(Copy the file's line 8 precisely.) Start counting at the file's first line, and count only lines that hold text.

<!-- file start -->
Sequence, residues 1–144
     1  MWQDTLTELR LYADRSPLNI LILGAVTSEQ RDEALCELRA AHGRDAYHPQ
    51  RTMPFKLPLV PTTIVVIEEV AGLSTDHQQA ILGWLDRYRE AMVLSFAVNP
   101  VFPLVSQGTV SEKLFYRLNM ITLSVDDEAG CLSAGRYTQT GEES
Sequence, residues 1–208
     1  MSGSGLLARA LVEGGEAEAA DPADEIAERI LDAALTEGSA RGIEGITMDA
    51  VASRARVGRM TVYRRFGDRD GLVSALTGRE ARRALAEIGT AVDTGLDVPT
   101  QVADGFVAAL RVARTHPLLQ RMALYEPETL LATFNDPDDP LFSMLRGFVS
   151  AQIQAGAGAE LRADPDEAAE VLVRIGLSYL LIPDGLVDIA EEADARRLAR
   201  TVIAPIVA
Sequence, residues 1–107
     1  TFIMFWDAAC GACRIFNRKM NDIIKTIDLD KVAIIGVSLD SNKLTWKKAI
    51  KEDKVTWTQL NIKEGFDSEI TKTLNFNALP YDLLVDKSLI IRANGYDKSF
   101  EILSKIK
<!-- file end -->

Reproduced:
   101  QVADGFVAAL RVARTHPLLQ RMALYEPETL LATFNDPDDP LFSMLRGFVS